Now you see it, Now you don’t!


Obesity or high BMI and raised cholesterol have all been linked to an increased risk of multiple sclerosis. This is of particular concern in the Western world as obesity is fast becoming the single major determinant of an individuals health quotient.

But, how far should we take this in MS?

In a large study of 14802 MS cases and 26703 control, a group in San Francisco set about looking for a link between MS and obesity. After some sophisticated modelling (see Figure below) what they found was that the odds of developing MS increased slightly but consistently with elevated BMI. The bizarre extra piece of finding, however, was that this was in part driven by low vitamin D levels! In short around 5% (and up to a third) of the association with obesity and MS susceptibility could be explained by low vitamin D.

Figure: Forest plot showing the MR estimates investigating the effect of BMI and its potential mediators on the risk of MS.

This is no magician’s trick, but what we in the scientific land call confounding. I often suspect this when the odds ratio of a particular association is low in the face of such a large sample size. For those of you who haven’t come across odds ratio before, to give you a comparator to mull over, the odds of developing lung cancer in smoker vs. non-smoker is a whopping 40.4 in the US. There is no doubt in this scenario that smoking causes lung cancer.

Confounding is a distortion of the association between an exposure and an outcome that occurs when the study groups differ with respect to other factors that influence the outcome. Unlike selection and information bias, which can be introduced by the investigator or by the subjects, confounding is a type of bias that can be adjusted for in the analysis, provided that the investigators have information on the status of study subjects with respect to potential confounding factors. (from Sph.web)
Figure: Increased BMI may affect the risk of MS through lowering 25OHD levels (indirect pathways in red), or independently from 25OHD (pathway in blue). The indirect effect can be calculated by multiplying α times β, where α is the effect of BMI on 25OHD levels, and β the effect of 25OHD levels on MS adjusted for BMI using multivariable MR. The proportion mediated can be estimated by dividing the indirect effect by the total effect of BMI on MS. MR: Mendelian randomization; BMI: body mass index; 25OHD: 25-hydroxyvitamin D; MS: multiple sclerosis; SNP: single-nucleotide polymorphism.


The relative contributions of obesity, vitamin D, leptin, and adiponectin to multiple sclerosis risk: A Mendelian randomization mediation analysis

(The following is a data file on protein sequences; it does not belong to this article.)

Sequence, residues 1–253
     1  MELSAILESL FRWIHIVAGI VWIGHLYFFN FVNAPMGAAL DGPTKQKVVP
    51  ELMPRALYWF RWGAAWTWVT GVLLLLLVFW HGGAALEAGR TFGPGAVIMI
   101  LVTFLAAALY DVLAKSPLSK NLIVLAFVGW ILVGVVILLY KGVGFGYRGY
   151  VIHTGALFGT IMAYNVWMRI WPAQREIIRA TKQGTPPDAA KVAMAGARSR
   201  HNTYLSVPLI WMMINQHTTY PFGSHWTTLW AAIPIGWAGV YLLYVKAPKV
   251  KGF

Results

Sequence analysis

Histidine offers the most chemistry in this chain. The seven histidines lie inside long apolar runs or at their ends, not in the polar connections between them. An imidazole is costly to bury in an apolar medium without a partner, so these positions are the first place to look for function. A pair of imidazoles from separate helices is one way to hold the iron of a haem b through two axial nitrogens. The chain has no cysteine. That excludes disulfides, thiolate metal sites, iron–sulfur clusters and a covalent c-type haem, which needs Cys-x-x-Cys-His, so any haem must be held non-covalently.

Adil Harroud Despoina Manousaki Guillaume Butler-Laporte Ruth E Mitchell George Davey Smith J Brent Richards Sergio E Baranzini

Background: Obesity is associated with increased risk of multiple sclerosis (MS); however, the underlying mechanisms remain unclear.

Objective: To determine the extent to which decreased vitamin D bioavailability and altered levels of adiponectin and leptin mediate the association between obesity and MS.

Methods: We performed Mendelian randomization (MR) analyses to estimate the effects on MS of body mass index (BMI), 25-hydroxyvitamin D (25OHD), adiponectin, and leptin levels in a cohort of 14,802 MS cases and 26,703 controls. We then estimated the proportion of the effect of obesity on MS explained by these potential mediators.

Results: Genetic predisposition to higher BMI was associated with increased MS risk (odds ratio (OR) = 1.33 per standard deviation (SD), 95% confidence interval (CI) = 1.09-1.63), while higher 25OHD levels reduced odds of MS (OR = 0.72 per SD, 95% CI = 0.60-0.87). In contrast, we observed no effect of adiponectin or leptin. In MR mediation analysis, 5.2% of the association between BMI and MS was attributed to obesity lowering 25OHD levels (95% CI = 0.3%-31.0%).

Conclusions: This study found that a minority of the increased risk of MS conferred by obesity is mediated by lowered vitamin D levels, while leptin and adiponectin had no effect. Consequently, vitamin D supplementation would only modestly reverse the effect of obesity on MS.

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Neuro Doc Gnanapavan




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